By Cameron G. Shilling (originally published 10/17/2011)
A new decision has emerged prohibiting companies from adopting and enforcing policies that impact employees’ use of social media.
We recently posted a three part blog
discussing the role the National Labor Relations Board (NLRB) has adopted with respect to scrutinizing and invalidating policies
that expressly or impliedly apply to employees’ use of social media, and protecting employees from discipline or discharge
based on content they post to social media sites. Before our keyboard had cooled, however, an Administrative Law Judge (ALJ) issued another such decision in Karl Knauz Motors, Inc. d/b/a Knauz BMW
. The Karl Knauz
case underscores the points made in our prior blogs, and will serve to further bolster the NLRB’s self-appointed role as protector of social media freedom. Continue reading
By Cameron G. Shilling (originally published 10/7/2011)
Activity is concerted if it is “engaged in with or on the authority of other employees, and not solely by and on behalf of the employee himself.” This includes individual action if the employee “seeks to initiate, induce or prepare for group action” or raises “group complaints to the attention of management.” In fact, a mere “conversation may constitute concerted activity, even though it involves only a speaker and a listener,” as long as “it had some relation to group action in the interest of employees,
” according to National Labor Relations Board (NLRB) in Meyers Industries, Inc.
The nature and breadth of this definition has significance to social media, which frequently involves on-line conversations about work between employees who are social media “friends.” Continue reading
By Cameron G. Shilling (originally published 10/5/2011)
The “mere maintenance” of a policy or practice that tends to chill employees’ exercise of their right to engage in concerted activity violates the National Labor Relations Act (Act),
according to the National Labor Relations Board (NLRB) in Lafayette Park Hotel
. Thus, if the policy or practice “explicitly restricts activities protected” by the Act, it is unlawful. In addition, as the NLRB found in Lutheran Heritage
, even if the policy or practice does not do so, it still is unlawful if any one of the following is true:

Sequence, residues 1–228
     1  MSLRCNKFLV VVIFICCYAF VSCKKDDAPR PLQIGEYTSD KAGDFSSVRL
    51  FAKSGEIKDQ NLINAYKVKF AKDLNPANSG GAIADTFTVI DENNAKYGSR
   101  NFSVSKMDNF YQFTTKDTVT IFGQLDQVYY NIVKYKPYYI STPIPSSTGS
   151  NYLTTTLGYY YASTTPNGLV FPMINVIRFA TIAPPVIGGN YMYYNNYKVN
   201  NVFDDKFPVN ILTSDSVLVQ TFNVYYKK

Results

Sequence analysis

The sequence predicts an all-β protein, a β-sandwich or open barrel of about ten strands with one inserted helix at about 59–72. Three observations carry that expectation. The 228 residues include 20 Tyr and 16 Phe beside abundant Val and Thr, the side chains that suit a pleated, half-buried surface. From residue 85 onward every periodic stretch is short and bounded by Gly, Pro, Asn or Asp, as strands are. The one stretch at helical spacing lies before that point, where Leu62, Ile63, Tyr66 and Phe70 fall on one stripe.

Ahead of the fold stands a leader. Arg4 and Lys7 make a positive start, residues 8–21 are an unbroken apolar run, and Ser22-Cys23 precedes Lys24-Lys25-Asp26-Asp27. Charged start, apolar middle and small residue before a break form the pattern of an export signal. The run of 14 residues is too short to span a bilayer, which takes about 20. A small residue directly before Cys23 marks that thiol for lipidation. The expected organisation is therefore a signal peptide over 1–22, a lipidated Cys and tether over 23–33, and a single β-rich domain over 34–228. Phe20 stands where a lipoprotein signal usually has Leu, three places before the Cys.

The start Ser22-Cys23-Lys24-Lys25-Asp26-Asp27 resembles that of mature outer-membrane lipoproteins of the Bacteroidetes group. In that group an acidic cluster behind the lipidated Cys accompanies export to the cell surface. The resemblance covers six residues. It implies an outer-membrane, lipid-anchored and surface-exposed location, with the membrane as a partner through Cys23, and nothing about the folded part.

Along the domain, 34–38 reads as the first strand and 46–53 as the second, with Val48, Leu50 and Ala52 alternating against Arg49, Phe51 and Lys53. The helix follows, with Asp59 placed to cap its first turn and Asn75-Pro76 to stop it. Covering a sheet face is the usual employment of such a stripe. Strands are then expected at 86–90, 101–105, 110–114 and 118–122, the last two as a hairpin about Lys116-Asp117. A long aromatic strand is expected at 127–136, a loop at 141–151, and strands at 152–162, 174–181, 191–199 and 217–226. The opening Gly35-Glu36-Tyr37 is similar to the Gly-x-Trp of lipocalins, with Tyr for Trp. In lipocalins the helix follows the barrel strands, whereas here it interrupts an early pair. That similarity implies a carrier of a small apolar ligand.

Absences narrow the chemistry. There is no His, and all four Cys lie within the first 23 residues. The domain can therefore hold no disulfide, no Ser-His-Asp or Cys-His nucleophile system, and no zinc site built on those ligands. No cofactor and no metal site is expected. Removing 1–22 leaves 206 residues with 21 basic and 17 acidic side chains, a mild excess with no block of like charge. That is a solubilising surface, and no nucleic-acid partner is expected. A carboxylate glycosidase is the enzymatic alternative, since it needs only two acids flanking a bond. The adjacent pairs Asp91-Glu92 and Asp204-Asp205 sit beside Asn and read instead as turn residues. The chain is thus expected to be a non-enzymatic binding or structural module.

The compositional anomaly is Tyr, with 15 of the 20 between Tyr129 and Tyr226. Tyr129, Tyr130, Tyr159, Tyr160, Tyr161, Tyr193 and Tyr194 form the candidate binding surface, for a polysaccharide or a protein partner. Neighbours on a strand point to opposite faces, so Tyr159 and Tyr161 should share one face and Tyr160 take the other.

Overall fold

- Employees would reasonably construe the policy or practice to restrict or prohibit concerted activity.
- The policy or practice was promulgated in response to union activity.
- The policy or practice is applied to restrict protected concerted activity.
By Cameron G. Shilling (originally published 10/3/2011)
New and exciting developments are a hallmark of the social media revolution. The least expected of these developments, however, is that social media would be regulated by the National Labor Relations Board (NLRB).
Over the past few years, the NLRB has reviewed more than 130 social media cases, filed numerous complaints against businesses, issued several decisions, and published a report summarizing its position. Is the NLRB’s activity justified and helpful, or an unwarranted hindrance? The courts have not resolved that issue yet. Until then, businesses should beware not to unwittingly stumble into these legal problems. Continue reading
By Cameron G. Shilling (originally published 9/26/2011)
The United States Department of Health and Human Services issued a proposed rule that expands the rights of patients to access test results directly from clinical labs covered by HIPAA. The rule would amend the regulations under the Clinical Laboratory Improvement Amendments of 1988 (CLIA) to require that, upon a patient’s request, the lab must provide access to completed test reports concerning the patient. The proposed rule was published on September 14, 2011, and has a 60 day comment period.
By Cameron G. Shilling (originally published 5/19/2011)
A Disney subsidiary, Playdom, Inc., has agreed to pay a $3 million penalty to settle a Federal Trade Commission (FTC) charge that it violated the FTC’s Children’s Online Privacy Protection Act (COPPA) Rule by collecting and disclosing personal information from hundreds of thousands of children under age 13 without their parents’ prior consent.